Saturday, January 22, 2005

Gary Bartz - Harlem Bush Music (Milestone 1971, 2004)

As we start to pile up to an expected 20 inch snowfall, I have plenty of time to listen to music and watch videos that have been piling up. I downloaded this from Emusic a while back, and it's a re-issue of a very interesting album from alto saxophonist Gary Bartz, featuring vocalist Andy Bey. The album is a mix of R&B, social protest and burning Coltrane-influenced acoustic jazz.
Bartz had just recently completed a stint in Miles Davis' electric band, so he had learned a thing or two about taking chances with the music and that is reflected here. While socially conscious lyrics are the order of the day, there is still some burning saxophone especially on "The Warrior's Song" in which scalding group improvisations are broken up by snippits of spoken word.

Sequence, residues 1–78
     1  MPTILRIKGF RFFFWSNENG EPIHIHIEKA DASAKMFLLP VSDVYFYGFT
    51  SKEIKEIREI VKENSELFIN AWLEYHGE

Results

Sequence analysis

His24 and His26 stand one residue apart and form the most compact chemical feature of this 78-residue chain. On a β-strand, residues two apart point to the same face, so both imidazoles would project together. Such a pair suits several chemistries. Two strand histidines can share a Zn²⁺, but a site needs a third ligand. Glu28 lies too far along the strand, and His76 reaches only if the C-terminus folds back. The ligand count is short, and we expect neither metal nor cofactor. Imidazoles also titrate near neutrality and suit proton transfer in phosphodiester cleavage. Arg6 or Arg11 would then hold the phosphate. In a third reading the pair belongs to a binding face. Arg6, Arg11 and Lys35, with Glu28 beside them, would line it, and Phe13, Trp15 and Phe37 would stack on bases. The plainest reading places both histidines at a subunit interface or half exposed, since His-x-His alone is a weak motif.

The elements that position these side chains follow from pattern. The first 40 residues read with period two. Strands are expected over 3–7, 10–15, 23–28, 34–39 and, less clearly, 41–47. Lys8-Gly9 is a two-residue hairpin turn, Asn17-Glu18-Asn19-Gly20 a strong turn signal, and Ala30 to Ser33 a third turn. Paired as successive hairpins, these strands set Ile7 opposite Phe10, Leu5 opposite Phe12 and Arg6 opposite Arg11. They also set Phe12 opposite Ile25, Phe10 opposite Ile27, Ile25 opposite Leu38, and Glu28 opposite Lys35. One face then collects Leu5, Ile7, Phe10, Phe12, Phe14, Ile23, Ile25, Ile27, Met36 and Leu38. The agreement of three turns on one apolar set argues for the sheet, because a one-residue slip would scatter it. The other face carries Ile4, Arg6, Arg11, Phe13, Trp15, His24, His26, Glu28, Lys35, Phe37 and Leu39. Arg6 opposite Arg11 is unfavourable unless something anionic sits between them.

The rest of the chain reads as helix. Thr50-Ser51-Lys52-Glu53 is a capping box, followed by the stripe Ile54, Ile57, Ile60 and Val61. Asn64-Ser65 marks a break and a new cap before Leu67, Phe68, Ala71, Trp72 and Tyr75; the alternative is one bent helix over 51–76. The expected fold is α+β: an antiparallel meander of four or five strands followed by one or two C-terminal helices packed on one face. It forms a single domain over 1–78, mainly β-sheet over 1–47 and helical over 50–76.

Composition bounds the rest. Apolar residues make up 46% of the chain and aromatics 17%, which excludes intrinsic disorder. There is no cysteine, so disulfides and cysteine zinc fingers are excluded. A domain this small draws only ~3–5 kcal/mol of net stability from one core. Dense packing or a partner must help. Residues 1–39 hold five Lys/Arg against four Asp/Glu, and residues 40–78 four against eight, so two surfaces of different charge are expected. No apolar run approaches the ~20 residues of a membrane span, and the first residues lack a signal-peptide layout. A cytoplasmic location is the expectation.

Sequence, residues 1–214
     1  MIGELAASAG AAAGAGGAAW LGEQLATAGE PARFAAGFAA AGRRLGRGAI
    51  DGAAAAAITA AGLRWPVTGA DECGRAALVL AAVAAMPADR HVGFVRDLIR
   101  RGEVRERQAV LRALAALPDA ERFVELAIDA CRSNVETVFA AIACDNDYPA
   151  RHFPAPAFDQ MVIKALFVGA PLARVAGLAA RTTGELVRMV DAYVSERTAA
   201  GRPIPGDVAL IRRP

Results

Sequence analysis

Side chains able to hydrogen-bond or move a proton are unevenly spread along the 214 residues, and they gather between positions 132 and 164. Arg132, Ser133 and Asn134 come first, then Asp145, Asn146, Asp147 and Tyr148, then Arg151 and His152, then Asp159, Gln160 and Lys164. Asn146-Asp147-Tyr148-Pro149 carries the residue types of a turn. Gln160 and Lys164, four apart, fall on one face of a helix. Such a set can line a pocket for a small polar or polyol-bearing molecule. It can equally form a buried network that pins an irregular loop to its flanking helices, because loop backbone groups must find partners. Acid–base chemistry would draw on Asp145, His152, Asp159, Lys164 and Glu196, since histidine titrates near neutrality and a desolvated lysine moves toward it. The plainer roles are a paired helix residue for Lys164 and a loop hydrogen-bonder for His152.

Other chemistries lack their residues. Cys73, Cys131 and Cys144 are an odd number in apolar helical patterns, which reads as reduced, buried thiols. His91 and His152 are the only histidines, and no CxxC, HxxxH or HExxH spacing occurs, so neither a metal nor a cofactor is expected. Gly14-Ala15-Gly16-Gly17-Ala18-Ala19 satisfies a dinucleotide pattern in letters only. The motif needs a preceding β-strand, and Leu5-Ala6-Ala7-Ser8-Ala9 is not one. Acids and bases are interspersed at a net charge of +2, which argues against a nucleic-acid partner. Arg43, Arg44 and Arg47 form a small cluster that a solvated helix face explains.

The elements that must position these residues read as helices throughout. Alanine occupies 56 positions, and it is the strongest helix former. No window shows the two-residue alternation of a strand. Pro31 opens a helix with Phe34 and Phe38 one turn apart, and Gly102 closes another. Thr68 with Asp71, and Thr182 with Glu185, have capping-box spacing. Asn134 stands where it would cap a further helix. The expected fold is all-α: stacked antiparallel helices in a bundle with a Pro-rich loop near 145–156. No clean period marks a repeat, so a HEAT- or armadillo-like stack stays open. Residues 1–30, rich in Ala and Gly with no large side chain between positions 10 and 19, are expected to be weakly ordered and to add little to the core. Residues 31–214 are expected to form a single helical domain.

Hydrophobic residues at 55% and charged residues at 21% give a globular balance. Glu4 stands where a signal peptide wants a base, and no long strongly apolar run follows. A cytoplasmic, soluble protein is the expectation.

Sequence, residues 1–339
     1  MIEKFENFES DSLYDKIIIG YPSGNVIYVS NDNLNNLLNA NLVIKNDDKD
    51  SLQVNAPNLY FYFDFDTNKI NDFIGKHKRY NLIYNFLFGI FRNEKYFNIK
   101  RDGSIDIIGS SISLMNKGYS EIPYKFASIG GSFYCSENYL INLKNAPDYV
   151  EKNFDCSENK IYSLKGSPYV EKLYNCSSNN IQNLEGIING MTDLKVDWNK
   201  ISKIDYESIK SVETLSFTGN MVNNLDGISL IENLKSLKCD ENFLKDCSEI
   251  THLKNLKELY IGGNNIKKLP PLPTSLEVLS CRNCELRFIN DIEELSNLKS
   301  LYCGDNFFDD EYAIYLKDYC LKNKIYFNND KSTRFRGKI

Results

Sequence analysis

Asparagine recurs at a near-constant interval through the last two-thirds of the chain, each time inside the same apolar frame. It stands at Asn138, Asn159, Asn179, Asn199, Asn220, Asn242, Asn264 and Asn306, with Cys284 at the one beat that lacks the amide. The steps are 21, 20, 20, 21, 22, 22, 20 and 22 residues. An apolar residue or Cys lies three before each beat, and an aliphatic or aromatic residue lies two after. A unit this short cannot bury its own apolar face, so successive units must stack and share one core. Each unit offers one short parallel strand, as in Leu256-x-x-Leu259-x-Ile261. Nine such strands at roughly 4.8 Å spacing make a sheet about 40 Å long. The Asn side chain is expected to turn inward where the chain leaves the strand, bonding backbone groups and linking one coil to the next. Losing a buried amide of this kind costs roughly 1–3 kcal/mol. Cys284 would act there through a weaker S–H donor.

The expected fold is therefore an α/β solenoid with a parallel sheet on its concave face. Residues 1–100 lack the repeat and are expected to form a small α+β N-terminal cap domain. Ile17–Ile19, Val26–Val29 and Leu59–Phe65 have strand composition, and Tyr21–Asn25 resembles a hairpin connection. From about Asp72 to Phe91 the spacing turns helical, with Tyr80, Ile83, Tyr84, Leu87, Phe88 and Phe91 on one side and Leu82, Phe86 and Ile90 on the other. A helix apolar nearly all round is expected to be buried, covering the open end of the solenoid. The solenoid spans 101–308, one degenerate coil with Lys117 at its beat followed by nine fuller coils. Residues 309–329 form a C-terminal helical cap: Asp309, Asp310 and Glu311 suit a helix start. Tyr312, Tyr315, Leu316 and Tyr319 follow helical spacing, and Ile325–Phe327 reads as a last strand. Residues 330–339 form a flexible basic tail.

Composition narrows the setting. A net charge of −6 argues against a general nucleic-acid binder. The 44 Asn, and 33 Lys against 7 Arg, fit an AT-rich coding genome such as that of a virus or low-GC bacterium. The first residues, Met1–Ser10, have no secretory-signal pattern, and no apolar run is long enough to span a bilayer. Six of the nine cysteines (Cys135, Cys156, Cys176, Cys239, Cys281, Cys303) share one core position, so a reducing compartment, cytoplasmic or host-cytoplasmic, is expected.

Some of the finest songs that combine all of the adventurous aspects that the band was investigating were "Uruhu Sasa," an song of defiance for Bey's smooth but strong vocals and "Vietcong" an anthem of the times which still has relevance in today's political situation. This is a very interesting album; while not always completely successful, it was quite ahead of its time in some repects, prefacing the melding of rap and hip-hip with jazz in the late 80's. If you're a fan of jazzy R&B, this is well worth checking out.

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